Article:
I am assuming a lot here. Have you knitted your swatch in your stitch pattern? Have you measured your swatch? Did you record your stitches and rows per inch or 10 cm? I knew you did. You’re the best students ever!
What in the world is the conversion factor? It is a simple mathematical calculation which will give you all the freedom in the world. Once you master this you can adapt your own yarn choice to your patterns. First you must choose an appropriate yarn substitution, or you will risk ending up with a 5-pound sweater with no drape that grows longer forever until you finally put it in the back of the closet because you spent a lot of money on the yarn. Sounds familiar?
As I mentioned in a previous post, this technique works for hand knitting, too. Our primary focus will be machine knitting. Brand and gauge of machine does not matter, as you will soon see. Exciting, right!?!
Pick a pattern you want to knit. I will be walking you through a basic pull-over/jumper but feel free to choose your own. Every pattern will have a suggested yarn. Often the yarn label will tell you the best needle size for that yarn. This will give you an idea of which knitting machine will be most appropriate. Decide your tension and make your swatch.
Measure your swatch and record your stitches and rows per inch. (See post Reading the Swatch for details)
Take your recorded stitches/inch (A) and divide it by the pattern’s stitches/inch (B). This equals your conversion factor (C).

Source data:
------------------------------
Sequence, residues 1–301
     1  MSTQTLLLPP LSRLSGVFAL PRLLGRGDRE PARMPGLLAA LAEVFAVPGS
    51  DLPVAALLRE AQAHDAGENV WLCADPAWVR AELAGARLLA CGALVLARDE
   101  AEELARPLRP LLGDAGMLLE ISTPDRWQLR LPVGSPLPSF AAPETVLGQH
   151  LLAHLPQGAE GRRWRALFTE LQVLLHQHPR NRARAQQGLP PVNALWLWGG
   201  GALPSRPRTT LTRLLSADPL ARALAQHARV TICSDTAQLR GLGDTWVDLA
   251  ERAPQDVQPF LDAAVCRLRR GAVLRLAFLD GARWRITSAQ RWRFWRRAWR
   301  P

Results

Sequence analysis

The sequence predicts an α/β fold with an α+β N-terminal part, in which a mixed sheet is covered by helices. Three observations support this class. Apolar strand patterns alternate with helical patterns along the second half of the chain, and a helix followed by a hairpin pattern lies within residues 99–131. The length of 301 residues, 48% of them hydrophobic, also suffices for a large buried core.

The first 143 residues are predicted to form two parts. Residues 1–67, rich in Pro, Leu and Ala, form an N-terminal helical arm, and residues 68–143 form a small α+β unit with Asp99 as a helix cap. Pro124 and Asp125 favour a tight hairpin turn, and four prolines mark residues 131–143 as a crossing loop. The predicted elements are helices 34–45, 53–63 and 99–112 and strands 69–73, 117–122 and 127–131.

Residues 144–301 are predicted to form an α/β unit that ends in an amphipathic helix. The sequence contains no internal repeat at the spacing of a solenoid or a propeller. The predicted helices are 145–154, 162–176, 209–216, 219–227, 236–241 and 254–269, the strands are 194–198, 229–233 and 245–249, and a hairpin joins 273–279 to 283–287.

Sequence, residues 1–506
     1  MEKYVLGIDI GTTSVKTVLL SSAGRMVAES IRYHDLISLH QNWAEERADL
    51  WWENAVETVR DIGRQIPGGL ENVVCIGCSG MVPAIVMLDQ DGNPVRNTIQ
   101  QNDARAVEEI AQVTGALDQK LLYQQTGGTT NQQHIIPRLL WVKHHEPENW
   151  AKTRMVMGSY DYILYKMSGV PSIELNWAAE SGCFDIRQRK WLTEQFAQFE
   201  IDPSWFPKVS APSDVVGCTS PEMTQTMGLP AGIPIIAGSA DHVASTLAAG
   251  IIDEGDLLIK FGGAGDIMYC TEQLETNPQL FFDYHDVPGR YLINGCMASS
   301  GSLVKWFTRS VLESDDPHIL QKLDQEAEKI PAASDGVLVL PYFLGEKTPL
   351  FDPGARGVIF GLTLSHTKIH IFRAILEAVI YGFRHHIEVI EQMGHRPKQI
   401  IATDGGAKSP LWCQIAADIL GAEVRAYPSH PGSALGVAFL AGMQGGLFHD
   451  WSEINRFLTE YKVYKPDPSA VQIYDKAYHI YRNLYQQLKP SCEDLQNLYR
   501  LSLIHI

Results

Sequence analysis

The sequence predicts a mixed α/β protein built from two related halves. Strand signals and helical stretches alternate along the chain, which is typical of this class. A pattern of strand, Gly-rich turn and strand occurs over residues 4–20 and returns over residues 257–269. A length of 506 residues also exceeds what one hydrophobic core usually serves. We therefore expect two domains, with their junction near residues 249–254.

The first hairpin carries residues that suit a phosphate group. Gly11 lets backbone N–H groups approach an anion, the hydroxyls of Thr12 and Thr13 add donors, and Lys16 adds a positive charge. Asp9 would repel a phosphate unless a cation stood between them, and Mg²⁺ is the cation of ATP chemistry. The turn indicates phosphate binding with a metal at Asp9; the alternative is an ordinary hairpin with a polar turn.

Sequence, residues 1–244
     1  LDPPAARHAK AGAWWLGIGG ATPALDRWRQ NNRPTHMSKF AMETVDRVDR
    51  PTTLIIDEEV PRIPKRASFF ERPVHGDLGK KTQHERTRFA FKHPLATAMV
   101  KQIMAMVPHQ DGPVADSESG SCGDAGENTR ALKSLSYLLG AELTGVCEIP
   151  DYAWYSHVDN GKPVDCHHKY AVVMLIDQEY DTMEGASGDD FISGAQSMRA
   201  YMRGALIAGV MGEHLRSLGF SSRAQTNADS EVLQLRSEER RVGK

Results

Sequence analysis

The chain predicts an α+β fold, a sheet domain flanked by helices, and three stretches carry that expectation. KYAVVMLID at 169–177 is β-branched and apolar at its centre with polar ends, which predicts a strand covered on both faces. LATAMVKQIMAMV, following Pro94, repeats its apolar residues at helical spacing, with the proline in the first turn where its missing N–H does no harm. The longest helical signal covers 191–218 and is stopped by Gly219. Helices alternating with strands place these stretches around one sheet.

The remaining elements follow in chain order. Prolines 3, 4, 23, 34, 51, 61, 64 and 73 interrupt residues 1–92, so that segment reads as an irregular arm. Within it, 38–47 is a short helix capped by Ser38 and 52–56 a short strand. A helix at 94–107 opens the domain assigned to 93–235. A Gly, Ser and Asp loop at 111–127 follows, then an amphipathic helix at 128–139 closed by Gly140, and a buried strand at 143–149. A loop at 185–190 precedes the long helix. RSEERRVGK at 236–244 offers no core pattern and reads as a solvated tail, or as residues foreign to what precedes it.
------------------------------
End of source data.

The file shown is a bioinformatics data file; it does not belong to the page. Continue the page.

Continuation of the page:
Formula: A ÷ B = C (Conversion Factor)
Example: Your gauge is 5.5 stitches/inch, the given gauge is 5 stitches/inch, therefore the conversion factor is 1.1. (5.5 ÷ 5 = 1.1)
How to Use It
You will multiply every stitch number in the pattern by the conversion factor.
Example: Pattern states CO 100 stitches. Conversion factor is 1.1 so you should CO 110 for your substituted yarn. (100 × 1.1 = 110)
Convert decreases, increases and all stitch related numbers with your conversion factor. Write it on your pattern before beginning to knit as a reminder.
Now do this for the rows.
It is just that simple. You are now free to choose whatever yarn you want to use with whatever pattern you want. Empowering, huh?
We will next discuss all the buttons, levers, dials and switches.
Paulina LaShawn combines photographic images and traditional textile techniques to create one of a kind works. Toia incorporates her study of indigenous textiles and her photography to produce art, born of photography and emerging woven cloth. Whether she uses Chinese silk and hair embroidery or a combination of weaving techniques, she can weave your story and fine art image into a beautiful tapestry.